“Moving people and machines across the country can also be difficult, and the Russian government is also holding back the emergence of economies of scale by dividing contracts up into many smaller parts instead of awarding one or two larger contracts,” he Minko explained.
Meanwhile, although the region’s smaller economies currently account for a relatively minor slice of overall construction activity in the region, the outlook for some is also for sustained growth in the medium and long term.
“Russia accounts for about 80% of the overall equipment market in the region,” Mr Minko said, “But Kazakhstan is also a growing market, as is Mongolia. Kazakhstan accounts for perhaps 10% of demand in the region, while infrastructure in Mongolia is developing very fast and this will be large market in the future.”
According to PMR, cement production in the CIS region is set to grow +14% this year to nearly 106 million tonnes. At the same time, these states’ total consumption is expected to reach nearly 109 million tonnes – with the gap being filled by imports.
The Kazakhstan construction market is expected to grow +3% next year, boosted by government measures to support the industry.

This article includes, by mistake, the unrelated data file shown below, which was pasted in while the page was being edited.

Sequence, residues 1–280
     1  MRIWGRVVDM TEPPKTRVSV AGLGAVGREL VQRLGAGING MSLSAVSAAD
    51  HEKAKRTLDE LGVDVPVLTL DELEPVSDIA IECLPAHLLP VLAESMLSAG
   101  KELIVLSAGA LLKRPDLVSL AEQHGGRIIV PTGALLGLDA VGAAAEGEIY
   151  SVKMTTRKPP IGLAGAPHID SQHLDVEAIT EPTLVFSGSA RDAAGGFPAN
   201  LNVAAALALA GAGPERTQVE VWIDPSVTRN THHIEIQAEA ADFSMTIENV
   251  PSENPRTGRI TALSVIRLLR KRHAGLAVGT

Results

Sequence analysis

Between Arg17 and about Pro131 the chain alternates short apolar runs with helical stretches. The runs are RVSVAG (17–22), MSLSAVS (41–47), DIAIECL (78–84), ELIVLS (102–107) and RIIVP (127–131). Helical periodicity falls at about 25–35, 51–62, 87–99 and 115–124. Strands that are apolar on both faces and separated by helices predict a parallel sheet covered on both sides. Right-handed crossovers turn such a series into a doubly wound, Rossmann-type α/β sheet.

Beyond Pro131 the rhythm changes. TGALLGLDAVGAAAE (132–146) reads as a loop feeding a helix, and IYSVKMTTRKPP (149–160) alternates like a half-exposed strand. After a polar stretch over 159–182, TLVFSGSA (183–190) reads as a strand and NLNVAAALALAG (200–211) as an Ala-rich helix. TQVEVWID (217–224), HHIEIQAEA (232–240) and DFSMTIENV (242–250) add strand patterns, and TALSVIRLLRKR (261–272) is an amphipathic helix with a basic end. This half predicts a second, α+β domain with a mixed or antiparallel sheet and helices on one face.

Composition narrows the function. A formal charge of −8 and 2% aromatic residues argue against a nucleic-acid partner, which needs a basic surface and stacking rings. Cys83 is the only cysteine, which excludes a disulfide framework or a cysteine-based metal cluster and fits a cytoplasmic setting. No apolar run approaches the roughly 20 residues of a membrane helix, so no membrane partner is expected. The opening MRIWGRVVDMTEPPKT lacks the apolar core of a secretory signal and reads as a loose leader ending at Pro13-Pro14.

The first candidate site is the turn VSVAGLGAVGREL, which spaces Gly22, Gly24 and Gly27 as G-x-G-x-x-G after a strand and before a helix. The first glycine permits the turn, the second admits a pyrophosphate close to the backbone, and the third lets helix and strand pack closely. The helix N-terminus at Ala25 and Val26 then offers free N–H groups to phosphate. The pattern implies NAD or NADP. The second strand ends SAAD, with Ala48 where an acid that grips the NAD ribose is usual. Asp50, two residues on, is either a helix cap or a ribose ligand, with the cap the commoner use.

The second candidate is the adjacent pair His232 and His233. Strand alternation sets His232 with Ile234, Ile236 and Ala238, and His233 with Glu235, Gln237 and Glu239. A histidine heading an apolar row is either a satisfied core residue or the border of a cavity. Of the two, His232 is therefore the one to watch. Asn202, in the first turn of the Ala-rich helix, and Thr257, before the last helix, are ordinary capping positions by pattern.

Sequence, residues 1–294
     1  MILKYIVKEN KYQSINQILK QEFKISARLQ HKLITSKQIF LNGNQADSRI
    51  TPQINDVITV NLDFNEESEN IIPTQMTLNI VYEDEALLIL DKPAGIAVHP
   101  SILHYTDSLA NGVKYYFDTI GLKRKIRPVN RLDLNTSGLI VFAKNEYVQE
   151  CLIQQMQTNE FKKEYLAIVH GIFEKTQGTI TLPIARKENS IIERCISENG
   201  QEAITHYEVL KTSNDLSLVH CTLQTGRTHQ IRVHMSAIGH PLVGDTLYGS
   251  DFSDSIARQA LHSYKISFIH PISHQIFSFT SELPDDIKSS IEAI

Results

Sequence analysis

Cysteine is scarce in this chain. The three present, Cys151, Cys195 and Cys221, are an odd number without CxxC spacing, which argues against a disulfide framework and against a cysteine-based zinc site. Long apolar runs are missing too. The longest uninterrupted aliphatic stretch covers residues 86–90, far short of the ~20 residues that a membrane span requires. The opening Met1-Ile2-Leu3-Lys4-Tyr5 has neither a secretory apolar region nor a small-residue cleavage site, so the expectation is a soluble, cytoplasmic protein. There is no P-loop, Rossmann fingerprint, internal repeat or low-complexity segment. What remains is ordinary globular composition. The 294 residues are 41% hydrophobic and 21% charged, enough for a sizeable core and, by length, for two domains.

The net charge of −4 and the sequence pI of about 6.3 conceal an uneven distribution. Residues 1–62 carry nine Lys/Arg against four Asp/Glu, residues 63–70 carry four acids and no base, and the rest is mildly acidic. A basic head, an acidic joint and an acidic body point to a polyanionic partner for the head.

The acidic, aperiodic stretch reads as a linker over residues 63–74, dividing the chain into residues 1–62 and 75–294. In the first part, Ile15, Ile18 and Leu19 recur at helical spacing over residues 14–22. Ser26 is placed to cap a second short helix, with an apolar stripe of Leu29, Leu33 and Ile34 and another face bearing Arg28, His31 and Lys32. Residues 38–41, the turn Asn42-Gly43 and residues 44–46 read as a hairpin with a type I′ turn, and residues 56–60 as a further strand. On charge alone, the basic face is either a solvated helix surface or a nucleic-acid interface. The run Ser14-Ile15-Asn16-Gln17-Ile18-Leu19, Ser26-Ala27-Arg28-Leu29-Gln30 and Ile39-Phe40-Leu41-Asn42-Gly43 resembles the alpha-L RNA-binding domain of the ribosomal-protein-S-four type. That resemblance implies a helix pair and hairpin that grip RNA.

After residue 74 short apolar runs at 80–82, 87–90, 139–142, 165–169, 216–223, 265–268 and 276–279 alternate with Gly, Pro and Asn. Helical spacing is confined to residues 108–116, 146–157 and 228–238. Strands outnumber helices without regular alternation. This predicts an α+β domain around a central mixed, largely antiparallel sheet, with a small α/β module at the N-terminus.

For each area of the construction market, a government programme has been rolled out to provide support.
Similarly in Ukraine, which co-hosted the European Football Championships with Poland earlier this year, the government is keen to demonstrate that it is open to foreign investment. Priority infrastructure projects for the development of the transport sector in the country are now open to tenders from foreign companies.
But while there are clear opportunities in the Russia and CIS region, doing business here can clearly be a challenge. Broadly speaking, one of the main constraints to growth has been government interference – According to the World Economic Forum 2011to 2012 rankings, Russia is in the bottom decile on the burden of government regulation, with its weak institutional framework cited as a key obstacle to growth.
In addition, enforcement of rules is often inconsistent, and corruption is a persistent problem. These factors outline, perhaps, why growth is returning to the region, but slowly.